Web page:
BEIJING, Sept. 15 (Xinhua) -- As China and the European Union (EU) celebrate the 45th anniversary of their diplomatic ties this year, the world's two major powers are moving steadily to broaden prospects for future cooperation.
During a video meeting on Monday, Chinese and EU leaders announced the official signing of an agreement on geographical indications (GI), committing to speeding up investment treaty talks to conclude negotiations within this year, and decided to strengthen environmental and digital cooperation.
The meeting injected confidence into the bilateral relationship and opened up new areas for collaboration, experts said.
EMBRACING COOPERATION POTENTIAL
The agreement on GI between China and the EU is China's first comprehensive, high-level bilateral agreement on GIs, and the first major trade agreement between China and the EU in recent years, according to China's Ministry of Foreign Affairs.
The agreement makes it easier for Chinese products to enter the EU market and vice versa, said Cui Hongjian, a senior research fellow with the China Institute of International Studies.
It sets an example for other economies in the world to cooperate in this field, Cui added.
The negotiations of the investment treaty between the two sides, which started the first round in 2013, have attracted much attention.
The progress made so far by the two sides have shown China and the EU's determination to have a rule-based bilateral treaty, said Cui.
He said China and the EU should take a practical approach to resolve differences during the negotiations, as the two sides are at different stages of economic development.
If concluded within this year, the treaty will send a positive message about China and the EU working together during trying times, and give a strong boost to business confidence on both sides, said Ambassador Zhang Ming, head of the Chinese Mission to the EU.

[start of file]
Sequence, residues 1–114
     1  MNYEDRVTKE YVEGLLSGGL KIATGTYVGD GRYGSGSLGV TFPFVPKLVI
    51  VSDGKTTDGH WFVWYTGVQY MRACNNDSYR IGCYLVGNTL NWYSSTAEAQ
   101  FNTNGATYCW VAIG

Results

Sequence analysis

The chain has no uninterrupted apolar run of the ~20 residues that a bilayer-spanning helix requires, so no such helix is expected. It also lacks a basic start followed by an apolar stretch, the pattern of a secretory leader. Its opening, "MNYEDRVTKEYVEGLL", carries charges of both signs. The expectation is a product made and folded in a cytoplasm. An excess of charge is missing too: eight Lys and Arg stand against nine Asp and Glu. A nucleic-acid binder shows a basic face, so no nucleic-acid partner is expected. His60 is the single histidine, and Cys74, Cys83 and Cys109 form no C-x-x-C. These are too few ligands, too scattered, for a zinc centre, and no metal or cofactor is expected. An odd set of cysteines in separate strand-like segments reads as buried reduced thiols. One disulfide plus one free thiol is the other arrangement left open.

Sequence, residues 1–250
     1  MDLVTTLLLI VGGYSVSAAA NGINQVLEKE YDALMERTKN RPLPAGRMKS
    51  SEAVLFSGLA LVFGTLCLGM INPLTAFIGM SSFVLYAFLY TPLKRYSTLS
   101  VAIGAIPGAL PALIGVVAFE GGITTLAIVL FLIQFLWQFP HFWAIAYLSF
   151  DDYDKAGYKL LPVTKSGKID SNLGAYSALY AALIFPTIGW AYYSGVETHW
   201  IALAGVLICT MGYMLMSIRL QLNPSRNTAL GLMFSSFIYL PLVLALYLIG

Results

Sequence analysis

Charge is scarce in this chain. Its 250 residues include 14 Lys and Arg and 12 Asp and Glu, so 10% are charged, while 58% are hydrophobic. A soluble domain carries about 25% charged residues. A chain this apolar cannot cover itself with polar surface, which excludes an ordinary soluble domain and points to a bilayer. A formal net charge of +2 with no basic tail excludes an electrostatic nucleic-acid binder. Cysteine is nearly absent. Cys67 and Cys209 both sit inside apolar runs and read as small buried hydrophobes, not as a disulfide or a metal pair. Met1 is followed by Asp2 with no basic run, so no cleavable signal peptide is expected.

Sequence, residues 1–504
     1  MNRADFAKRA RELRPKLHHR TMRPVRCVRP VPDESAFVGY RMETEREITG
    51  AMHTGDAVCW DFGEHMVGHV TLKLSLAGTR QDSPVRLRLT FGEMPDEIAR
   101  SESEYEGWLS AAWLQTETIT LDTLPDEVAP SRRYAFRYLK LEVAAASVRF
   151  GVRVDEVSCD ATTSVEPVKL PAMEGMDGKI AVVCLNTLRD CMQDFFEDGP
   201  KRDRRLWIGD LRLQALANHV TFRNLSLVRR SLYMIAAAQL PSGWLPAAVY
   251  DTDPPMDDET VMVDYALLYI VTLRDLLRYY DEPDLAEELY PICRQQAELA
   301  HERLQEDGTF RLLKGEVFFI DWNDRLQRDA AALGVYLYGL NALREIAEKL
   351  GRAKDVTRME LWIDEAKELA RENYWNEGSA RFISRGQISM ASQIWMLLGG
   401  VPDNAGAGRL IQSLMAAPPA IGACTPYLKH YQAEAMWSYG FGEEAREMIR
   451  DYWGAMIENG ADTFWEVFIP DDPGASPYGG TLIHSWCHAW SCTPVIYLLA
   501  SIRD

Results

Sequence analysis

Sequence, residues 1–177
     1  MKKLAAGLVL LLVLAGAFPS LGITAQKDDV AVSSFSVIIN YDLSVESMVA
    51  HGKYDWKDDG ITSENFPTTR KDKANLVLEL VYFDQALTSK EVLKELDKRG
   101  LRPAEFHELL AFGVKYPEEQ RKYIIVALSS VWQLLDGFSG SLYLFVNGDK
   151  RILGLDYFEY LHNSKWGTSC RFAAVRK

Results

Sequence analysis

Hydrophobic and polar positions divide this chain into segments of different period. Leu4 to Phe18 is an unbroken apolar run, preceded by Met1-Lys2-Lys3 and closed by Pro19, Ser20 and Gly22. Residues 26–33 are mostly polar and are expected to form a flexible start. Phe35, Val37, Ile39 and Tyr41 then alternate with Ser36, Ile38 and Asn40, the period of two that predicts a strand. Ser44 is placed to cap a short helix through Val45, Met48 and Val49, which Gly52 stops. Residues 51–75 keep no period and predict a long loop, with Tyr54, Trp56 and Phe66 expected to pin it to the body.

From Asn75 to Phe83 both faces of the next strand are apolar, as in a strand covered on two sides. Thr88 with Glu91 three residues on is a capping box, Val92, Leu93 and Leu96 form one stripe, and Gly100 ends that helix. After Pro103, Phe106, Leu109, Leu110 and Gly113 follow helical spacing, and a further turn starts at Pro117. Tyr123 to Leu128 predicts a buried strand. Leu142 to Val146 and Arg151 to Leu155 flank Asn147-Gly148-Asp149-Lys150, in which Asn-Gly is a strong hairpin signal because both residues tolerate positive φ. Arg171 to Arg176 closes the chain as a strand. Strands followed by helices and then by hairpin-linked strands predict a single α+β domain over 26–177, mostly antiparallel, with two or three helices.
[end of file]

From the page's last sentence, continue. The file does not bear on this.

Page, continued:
POWERING A DIGITAL FUTURE
As the world is going digital, capturing new opportunities to push economic transformation and building a safer market environment in the new era are common challenges for China and the EU, which entails massive room for cooperation.
At Monday's video meeting, leaders from the two sides decided to establish a so-called China-EU High-Level Digital Cooperation Dialogue and to forge China-EU green and digital partnerships.
In February, the European Commission unveiled its strategy for data and Artificial Intelligence (AI), since the bloc is prepared to lead the next battle of "big data."
As a collection of wide-ranging plans, the strategy includes creating a single European market for data and taking sector-specific actions for industrial manufacturing, "green" deals, mobility, and health.
For China, the leaps and bounds in emerging technologies, including 5G and big data, have spurred rapid growth in the digital economy over the past decades.
In 2019, the country's digital economy hit 35.8 trillion yuan (about 5.25 trillion U.S. dollars), accounting for 36.2 percent of GDP, according to data from the Ministry of Industry and Information Technology.
China's digital trade totaled 203.6 billion U.S. dollars last year, accounting for 26 percent of the country's total trade in services.
"The China-EU High-Level Digital Cooperation Dialogue officially opened cooperation in the area, which is a major growth point for the future economy," noted Cui. Enditem